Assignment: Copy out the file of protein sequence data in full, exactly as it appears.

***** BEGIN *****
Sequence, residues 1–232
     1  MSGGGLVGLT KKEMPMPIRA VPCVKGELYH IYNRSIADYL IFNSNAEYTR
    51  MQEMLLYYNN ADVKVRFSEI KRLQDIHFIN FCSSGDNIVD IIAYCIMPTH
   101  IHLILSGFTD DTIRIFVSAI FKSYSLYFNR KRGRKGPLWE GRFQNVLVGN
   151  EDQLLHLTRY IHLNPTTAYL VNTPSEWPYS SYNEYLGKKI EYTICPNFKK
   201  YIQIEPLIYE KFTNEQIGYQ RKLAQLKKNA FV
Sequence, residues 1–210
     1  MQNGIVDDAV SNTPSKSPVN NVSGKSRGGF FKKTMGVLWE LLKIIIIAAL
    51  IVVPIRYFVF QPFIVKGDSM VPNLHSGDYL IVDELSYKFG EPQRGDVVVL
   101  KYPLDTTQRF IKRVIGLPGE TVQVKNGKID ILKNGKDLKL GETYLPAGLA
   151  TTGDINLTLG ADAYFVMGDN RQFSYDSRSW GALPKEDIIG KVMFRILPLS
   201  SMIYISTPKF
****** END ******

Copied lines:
Sequence, residues 1–232
     1  MSGGGLVGLT KKEMPMPIRA VPCVKGELYH IYNRSIADYL IFNSNAEYTR
    51  MQEMLLYYNN ADVKVRFSEI KRLQDIHFIN FCSSGDNIVD IIAYCIMPTH
   101  IHLILSGFTD DTIRIFVSAI FKSYSLYFNR KRGRKGPLWE GRFQNVLVGN
   151  EDQLLHLTRY IHLNPTTAYL VNTPSEWPYS SYNEYLGKKI EYTICPNFKK
   201  YIQIEPLIYE KFTNEQIGYQ RKLAQLKKNA FV
Sequence, residues 1–210
     1  MQNGIVDDAV SNTPSKSPVN NVSGKSRGGF FKKTMGVLWE LLKIIIIAAL
    51  IVVPIRYFVF QPFIVKGDSM VPNLHSGDYL IVDELSYKFG EPQRGDVVVL
   101  KYPLDTTQRF IKRVIGLPGE TVQVKNGKID ILKNGKDLKL GETYLPAGLA
   151  TTGDINLTLG ADAYFVMGDN RQFSYDSRSW GALPKEDIIG KVMFRILPLS
   201  SMIYISTPKF